• Party Play: “Places, Please!” 2018 Gala – A Dazzling, Theatrical Soiree!

    by 
    Beth Fhaner
     | Sep 21, 2018

    On the evening of Saturday, Sept. 15, SCR’s “Places, Please!” 2018 Gala got underway at The Westin South Coast Plaza, as guests arrived through the ​private valet entrance and climbed the carpeted steps to the East Galleria. Designer Angela Balogh Calin’s red carpet-inspired theatrical vision awaited attendees, with dramatic red drapery and theatrical lighting fixtures lining both sides of the entrance, setting the tone for the excitement to come.

    As guests entered the cocktail reception, their attention went to the many eye-catching posters hanging overhead that featured various SCR archival photos. Cocktail tables draped with ​garnet linens and beautiful floral arrangements by Floral Creations by Enzo also helped to set the stylish ambience. Guests enjoyed champagne sponsored by Le Grand Courtâge. The Signature Cocktail was the “Backstage Blackberry Bliss”—the blackberry martini was a hit with partygoers and featured official vodka sponsor Tito’s Handmade Vodka. Guests also indulged in tempting, tray-passed hors d’oeuvres such as ahi tuna tartare with avocado and toasted sesame seeds on a wonton crisp, petite grilled lamb chops with balsamic glaze, chilled gazpacho soup shooters and vegan risotto balls with sundried tomato.

    During the cocktail reception, a “backstage” experience was on display, where actors and technicians appeared at four different stations including a Dressing Room, Costume Shop, Prop Shop and Wig Shop. Partygoers could watch the actors as they prepared for a special performance held later in the evening. The actors featured in the “backstage” experience are graduates of SCR’s Acting Intensive Program: Arthur Brueggeman, Ashley Langton, Kelsey Kato, Aaron McGee, Jonathan Murrietta and Camille Thornton-Alson. Technicians and stage management included Jyll Christolini, Denise Kha, Marcus Beebe, Sarah Timm, Allison Lowery, Ramzi Jneid and Mike Ritchey. 

    Following the cocktail reception, guests then entered the Plaza Ballroom, which featured gorgeous drapery, along with an array of SCR costumes, props and photos surrounding the space, as well as a white dance floor located in the center of the room. Tables were draped with Katherine Gold linens from Wildflower Linen, with silver and champagne starburst chargers and pops of fuchsia and purple napkins—all to a stunning effect. Attendees also enjoyed gift boxes, sponsored by B. Toffee, at their tables. Additionally, the stage backdrop depicted the actual Segerstrom Stage house, so it was as if guests in the ballroom were onstage and viewing the audience from the stage, which was another unique design element.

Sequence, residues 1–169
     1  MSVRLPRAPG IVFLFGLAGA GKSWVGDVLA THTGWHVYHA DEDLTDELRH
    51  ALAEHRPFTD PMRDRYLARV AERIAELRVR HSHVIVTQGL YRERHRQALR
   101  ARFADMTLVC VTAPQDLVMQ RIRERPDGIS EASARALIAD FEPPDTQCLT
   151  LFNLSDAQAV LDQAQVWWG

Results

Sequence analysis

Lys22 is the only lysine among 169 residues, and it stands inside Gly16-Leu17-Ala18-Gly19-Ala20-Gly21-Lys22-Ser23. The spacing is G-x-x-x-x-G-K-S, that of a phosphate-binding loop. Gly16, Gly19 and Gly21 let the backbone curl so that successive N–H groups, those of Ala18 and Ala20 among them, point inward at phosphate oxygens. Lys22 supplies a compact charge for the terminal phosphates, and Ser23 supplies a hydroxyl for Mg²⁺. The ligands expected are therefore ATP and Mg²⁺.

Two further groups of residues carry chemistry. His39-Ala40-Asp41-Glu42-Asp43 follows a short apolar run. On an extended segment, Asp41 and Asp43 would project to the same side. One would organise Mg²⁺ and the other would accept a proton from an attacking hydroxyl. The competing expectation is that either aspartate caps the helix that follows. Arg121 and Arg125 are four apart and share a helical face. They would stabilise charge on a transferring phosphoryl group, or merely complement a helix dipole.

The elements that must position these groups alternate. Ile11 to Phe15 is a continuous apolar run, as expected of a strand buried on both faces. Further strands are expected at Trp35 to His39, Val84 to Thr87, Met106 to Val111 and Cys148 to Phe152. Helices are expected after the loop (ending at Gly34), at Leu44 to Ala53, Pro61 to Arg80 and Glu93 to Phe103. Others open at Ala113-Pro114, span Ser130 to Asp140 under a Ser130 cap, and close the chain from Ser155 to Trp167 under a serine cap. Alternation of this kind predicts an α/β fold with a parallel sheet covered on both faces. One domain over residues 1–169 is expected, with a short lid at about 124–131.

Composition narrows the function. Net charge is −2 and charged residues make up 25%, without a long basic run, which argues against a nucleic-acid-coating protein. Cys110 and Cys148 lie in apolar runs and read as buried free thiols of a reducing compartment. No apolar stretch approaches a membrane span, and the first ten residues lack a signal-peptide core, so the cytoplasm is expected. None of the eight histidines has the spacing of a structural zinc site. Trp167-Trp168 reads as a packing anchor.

Executive Chef Paul Gregory delighted the crowd with his tantalizing cuisine, including a deconstructed Boston wedge salad with Fourme d’Ambert ​wedge, toasted walnuts, red and golden beets, grape tomatoes and rainbow microgreens with a citrus vinaigrette dressing, as well as a duet of peppercorn-crusted tenderloin with Harveys Bristol Cream sauce and rosemary-skewered shrimp with potato dauphinoise and roasted seasonal vegetables. For a sweet finish, a flourless chocolate cake with a berry-filled white chocolate ruffle cup was a delectable treat that few partygoers could resist.

    During the festive event, the approximately 200 theatre enthusiasts dined, dance and cheered greetings from Board President Sam Tang, Managing Director Paula Tomei and returning Gala Chairs Tayla Nevo-Hacohen and Bill Schenker, who announced that the event was projected to net approximately $250,000 for SCR’s artistic and education programs.

    Following the dessert course, partygoers were entertained by a performance of a special preview of SCR’s 2018-19 season. Directed by Acting Intensive Program Director Matthew Arkin, the shows represented included Sense and Sensibility, Kings, M. Butterfly, Vanya and Sonia and Masha and Spike and Sweeney Todd. The performance ended on a high point with the Stephen Sondheim classic, “Putting it Together” from Sunday in the Park with George. Tom Shelton was the accompanist.

    After the special performance, the raffle drawing was held onstage, and with all of the prize winners in attendance, it added an exciting element to the evening. Prize winners included Susan and Sam Anderson, who won the Inside the “Actors Studio” private acting lesson at SCR; Leslie Sullivan, who won the $1,500 South Coast Plaza gift certificate; Joanne and Andy Terner, who won the $1,000 Chloé shopping voucher and handmade leather accessory; and Lea and Harmon Kong, who won the Van Cleef & Arpels Parisian Experience.

    The celebration continued as Dallas & Doll, a 5-piece dance band, performed an extended set for partygoers and guests drifted to and from the dance floor to the East Galleria, which was transformed into an intimate lounge and featured a gourmet coffee station, a sweets table donated by Gala Gift Sponsor B. Toffee and a gelato cart donated by Mangiamo Gelato Caffe. All in all, everyone agreed that it was a wonderfully successful evening—a dazzling, theatrical soiree in celebration of the theatre they supported so generously.